A recent project of Sir Geoffrey Palmer and Dr Andrew Butler proposes “a modern constitution that is easy to understand, reflects New Zealand’s identity and nationhood, protects rights and liberties, and prevents governments from abusing power”.
A written constitution for New Zealand has been debated for many years. While we aren’t constitutional experts, we do think that if there is to be a written constitution, a right to privacy must be included.
It might sound incredible, but a general right to privacy was not included in the New Zealand Bill of Rights Act 1990 because it was considered “inappropriate … to attempt to entrench a right that is not by any means fully recognised now, which is the course of development, and whose boundaries would be uncertain and contentious” (A Bill of Rights for New Zealand: A White Paper 1988).
Such last century thinking is hard to understand today. Our survey results show that New Zealanders value their right to privacy in daily life, including their right to be let alone, to be free from unwanted intrusion by others, to control their personal information and to protect their bodily integrity, individuality and human dignity.
The right to privacy is currently protected across many laws in New Zealand. The diversity of these protections reflects the very broad themes, concepts and values that the right to privacy embodies.
Examples of current privacy protections range across the Fencing Act, broadcasting standards, health and disability consumer rights, criminal protections such as freedom from unreasonable search and seizure and protection of personal information in the Privacy Act.
We can see that the right to privacy is an enduring concern for New Zealanders and has been recognised as a fundamental human right that the law should protect.
The right to privacy proposed in clause 92 of the draft Constitution is:
… the right not to be subject to arbitraryor unlawful interference with that person’s privacy, family, home or correspondence.
This could strengthen the right to privacy in three ways: visibility, scrutiny and accountability through the different roles of the Courts, Parliament and the Executive. The absence of a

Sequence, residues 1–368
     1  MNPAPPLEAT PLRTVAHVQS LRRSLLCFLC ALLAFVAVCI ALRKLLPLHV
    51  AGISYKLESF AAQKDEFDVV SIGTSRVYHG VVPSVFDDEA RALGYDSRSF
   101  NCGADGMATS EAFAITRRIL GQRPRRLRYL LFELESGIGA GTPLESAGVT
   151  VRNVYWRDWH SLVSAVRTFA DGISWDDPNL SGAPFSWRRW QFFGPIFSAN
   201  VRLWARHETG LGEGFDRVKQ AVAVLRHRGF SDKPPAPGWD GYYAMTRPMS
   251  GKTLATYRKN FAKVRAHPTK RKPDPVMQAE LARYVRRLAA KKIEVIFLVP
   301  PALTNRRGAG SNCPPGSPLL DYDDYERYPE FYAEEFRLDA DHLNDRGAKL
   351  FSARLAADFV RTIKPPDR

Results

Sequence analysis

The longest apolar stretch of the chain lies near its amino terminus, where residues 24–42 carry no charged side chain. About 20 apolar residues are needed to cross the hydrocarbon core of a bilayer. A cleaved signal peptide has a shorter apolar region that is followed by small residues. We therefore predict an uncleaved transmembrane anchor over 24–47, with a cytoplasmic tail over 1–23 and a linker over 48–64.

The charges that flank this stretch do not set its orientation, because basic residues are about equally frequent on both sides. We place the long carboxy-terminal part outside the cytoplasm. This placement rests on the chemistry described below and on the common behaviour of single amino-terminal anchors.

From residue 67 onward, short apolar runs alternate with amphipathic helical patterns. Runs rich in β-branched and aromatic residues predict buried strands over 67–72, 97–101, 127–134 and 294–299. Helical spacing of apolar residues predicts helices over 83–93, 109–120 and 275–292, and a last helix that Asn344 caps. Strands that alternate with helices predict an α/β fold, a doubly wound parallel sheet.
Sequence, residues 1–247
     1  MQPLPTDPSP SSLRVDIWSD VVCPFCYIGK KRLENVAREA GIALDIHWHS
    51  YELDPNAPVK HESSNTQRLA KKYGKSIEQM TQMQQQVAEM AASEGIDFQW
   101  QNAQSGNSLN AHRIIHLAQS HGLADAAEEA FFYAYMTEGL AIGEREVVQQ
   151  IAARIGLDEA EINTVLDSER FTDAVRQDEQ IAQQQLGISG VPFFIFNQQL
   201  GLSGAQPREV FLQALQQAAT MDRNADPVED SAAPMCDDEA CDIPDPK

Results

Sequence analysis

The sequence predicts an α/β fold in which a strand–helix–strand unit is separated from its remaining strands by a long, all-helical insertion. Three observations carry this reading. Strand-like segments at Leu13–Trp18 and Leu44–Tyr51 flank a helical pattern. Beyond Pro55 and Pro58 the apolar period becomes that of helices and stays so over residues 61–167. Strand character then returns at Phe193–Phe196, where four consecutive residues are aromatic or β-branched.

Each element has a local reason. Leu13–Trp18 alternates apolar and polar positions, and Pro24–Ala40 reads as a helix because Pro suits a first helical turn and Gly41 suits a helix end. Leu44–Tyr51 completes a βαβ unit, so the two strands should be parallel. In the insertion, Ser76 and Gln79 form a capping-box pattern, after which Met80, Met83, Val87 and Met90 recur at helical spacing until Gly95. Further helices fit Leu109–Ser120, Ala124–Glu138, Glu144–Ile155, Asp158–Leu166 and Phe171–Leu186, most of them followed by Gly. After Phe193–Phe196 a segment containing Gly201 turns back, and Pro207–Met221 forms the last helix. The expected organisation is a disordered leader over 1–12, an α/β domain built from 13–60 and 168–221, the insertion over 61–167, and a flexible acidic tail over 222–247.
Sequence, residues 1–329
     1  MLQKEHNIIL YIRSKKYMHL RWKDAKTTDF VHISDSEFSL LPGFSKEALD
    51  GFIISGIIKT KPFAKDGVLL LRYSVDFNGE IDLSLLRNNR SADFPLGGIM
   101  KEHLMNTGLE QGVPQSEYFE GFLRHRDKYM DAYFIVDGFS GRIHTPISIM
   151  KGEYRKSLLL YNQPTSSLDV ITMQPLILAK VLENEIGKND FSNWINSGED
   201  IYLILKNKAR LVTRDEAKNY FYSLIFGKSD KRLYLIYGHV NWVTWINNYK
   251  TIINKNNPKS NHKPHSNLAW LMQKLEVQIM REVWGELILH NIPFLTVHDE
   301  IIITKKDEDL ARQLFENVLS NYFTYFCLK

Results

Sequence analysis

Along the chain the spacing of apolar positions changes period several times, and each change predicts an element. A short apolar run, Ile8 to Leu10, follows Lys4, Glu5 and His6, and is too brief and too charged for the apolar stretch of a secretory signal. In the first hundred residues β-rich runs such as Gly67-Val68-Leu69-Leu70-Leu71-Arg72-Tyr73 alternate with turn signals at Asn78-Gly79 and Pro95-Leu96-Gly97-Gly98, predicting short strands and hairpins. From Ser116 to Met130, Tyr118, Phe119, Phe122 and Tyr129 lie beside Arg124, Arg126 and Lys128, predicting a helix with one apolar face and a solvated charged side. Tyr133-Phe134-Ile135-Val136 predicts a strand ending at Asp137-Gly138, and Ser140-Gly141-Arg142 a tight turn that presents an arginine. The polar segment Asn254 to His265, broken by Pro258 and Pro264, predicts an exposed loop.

right to privacy could have the unintended consequence of suggesting a hierarchy of rights, giving privacy secondary status to other rights that are explicitly protected.
A gap in constitutional privacy protection can be seen in new laws with bespoke information sharing rules sitting outside the Privacy Act (for example, in the areas of family violence or children at risk). Assessment of these is limited because there is no explicit right to privacy in the Bill of Rights Act against which the Attorney-General must scrutinise new legislation.
Constitutional protection may also drive better policy. Our recent inquiry into the collection of individual client level data by the Ministry of Social Development is a clear example of how an agency can lose the trust and confidence of New Zealanders when data collection is disproportionate and excessive.
Changes in technology are just one context for the right to privacy today. The fundamental rights of access to personal information remain of enduring importance to many people. Each year, for example, we receive more than 7,000 enquiries and investigate between 700 and 800 complaints about rights to personal information and interferences with privacy.
The reality is that many public and private sector agencies still struggle to fulfil their obligations to collect, store, use, not disclose and to delete the personal information they hold. Getting privacy right is not an ivory tower issue for constitutional theorists.
Finally, a constitutional right to privacy would strengthen New Zealand’s privacy laws and could have benefits for New Zealand’s international standing and international trade. This would also help to answer concerns that the current arrangements are insufficient to defend the right to privacy and help to weigh it in the balance of other rights, such as freedom of expression. The section 5 analysis that constitutional protection would bring will help ensure that remedies are contextual, depending on the specific circumstances of each case.
Image credit: Kereru - courtesy of the Department of Conservation